What you should know about saving electricity
NNSL (Oct 04/99) - Electricity is everywhere.
Lights, appliances, computers, TVs, washers, dryers, stereos, it's out there.
All of these day-to-day extras add up to a lot of energy used and money spent every month, so it's wise to be cautious about how you treat electricity, and the Arctic Energy Alliance has some tips to help.
Something as simple as cleaning your light fixtures can conserve energy by increasing light levels. Using the lowest wattage light bulb for hallways, exteriors and multi-lamp units is a good idea, while 60 W bulb can be used in other areas.
Replacing incandescent lights altogether is becoming increasingly popular and although the alternative -- compact fluorescent bulbs -- is more expensive at the onset, the energy conserved will in turn save you money in the long run.
There are a number of energy-saving techniques you can practise in the kitchen too. Try to use a microwave instead of the oven whenever possible. An example of the differences between the two is that is takes about 10 to 15 times as much electricity to cook a baked potato in an oven as it does in a microwave.
Choosing pots that fit the element seems obvious, but you wouldn't believe the amount of energy lost by putting a small pot on a large element.
Just look at how much area the small pot doesn't cover -- that's energy going straight into the air to nowhere. Covering your pots while cooking is another good idea.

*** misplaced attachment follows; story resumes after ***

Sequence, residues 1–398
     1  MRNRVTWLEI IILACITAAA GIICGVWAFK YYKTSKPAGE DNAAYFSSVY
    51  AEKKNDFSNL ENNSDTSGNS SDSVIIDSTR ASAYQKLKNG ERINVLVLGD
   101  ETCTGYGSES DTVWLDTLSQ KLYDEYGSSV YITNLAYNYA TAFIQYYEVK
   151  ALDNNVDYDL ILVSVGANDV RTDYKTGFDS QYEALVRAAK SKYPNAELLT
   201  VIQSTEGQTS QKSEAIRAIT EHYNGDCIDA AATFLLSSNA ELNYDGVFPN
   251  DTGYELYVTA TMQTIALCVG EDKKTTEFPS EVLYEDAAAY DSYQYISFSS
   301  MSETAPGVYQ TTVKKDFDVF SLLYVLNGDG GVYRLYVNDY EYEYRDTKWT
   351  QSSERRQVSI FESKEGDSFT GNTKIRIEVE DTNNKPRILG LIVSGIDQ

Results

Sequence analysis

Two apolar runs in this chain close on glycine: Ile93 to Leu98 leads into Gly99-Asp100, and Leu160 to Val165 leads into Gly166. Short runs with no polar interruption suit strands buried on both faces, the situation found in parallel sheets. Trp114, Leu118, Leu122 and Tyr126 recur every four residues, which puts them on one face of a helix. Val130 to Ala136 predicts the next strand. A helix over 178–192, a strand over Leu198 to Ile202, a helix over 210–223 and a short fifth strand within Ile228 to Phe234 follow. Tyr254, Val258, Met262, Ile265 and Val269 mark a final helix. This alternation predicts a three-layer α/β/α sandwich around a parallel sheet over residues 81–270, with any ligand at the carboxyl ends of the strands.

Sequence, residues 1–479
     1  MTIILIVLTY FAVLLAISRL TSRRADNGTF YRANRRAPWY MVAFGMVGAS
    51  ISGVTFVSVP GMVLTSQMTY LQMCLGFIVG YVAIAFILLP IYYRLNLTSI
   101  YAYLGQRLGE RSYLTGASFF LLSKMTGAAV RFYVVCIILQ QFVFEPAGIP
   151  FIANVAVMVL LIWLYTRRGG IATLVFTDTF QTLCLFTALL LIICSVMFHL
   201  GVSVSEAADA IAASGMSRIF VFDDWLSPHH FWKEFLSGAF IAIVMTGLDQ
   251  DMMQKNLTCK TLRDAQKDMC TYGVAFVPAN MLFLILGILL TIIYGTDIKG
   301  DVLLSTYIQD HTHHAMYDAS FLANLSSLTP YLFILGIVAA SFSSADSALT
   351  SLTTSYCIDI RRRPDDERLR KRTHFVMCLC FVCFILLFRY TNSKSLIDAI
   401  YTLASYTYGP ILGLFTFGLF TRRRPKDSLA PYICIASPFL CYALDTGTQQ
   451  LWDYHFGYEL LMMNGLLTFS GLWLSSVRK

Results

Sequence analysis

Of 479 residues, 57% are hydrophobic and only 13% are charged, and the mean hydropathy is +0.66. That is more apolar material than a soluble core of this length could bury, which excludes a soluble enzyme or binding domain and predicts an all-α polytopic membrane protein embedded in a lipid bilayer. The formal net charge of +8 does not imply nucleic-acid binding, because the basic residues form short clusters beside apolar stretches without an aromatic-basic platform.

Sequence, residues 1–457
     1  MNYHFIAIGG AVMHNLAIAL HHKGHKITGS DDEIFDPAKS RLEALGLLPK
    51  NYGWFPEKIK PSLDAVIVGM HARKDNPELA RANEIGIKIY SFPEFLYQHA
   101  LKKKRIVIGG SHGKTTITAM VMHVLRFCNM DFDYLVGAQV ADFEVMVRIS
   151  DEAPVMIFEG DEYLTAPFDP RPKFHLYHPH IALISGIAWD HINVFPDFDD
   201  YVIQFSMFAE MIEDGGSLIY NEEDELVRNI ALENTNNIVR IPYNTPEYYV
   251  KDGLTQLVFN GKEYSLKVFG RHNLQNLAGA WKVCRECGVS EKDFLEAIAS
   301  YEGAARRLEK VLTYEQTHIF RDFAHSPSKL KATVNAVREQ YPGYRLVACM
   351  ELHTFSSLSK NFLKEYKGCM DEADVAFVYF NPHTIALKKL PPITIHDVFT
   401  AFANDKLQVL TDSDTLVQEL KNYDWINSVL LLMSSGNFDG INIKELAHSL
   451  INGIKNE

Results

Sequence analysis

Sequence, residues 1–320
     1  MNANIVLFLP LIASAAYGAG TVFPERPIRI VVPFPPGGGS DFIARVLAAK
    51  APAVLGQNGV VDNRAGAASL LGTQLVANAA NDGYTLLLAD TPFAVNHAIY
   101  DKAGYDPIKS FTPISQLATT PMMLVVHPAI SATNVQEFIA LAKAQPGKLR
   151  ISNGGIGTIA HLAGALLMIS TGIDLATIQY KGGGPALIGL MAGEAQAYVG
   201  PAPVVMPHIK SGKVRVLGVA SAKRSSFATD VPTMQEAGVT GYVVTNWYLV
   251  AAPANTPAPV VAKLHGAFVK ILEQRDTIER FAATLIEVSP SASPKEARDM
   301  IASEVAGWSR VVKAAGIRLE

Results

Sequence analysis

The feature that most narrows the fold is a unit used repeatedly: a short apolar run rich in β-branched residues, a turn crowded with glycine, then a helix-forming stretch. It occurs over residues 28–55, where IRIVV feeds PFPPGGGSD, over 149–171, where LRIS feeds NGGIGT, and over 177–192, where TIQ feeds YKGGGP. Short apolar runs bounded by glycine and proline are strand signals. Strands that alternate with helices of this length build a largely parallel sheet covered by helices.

Although it may be a messy job, vacuuming the coils behind your refrigerator should be done regularly. Also, your fridge temperature should be at 3 C, while your freezer should be at minus 18 C. A thermometer put in the fridge can perform this task easily.
Is your refrigerator near a heat source like your oven? If so, just think of how much harder the fridge has to work when that oven heats up.
How are your seals? A simple test to check the seal on both your fridge and stove is to close the door onto a piece of paper and if it pulls out too easily, your seal is too loose and there's a good chance energy is being lost.
Another big energy user is your vehicle.
The Arctic Energy Alliance recommends using a power saver cord and timer with your block heater and using the heater sparingly. They say a car will start at minus 20 C as it would at 0 C. If the temperature is below minus 20 C, your car needs to be plugged in for a maximum of four hours. Other tips include not using a vehicle interior warmer and installing a Command Start whenever possible.
This list touches on some of the major electricity users in your home, but it's up to each of us to get informed and take action.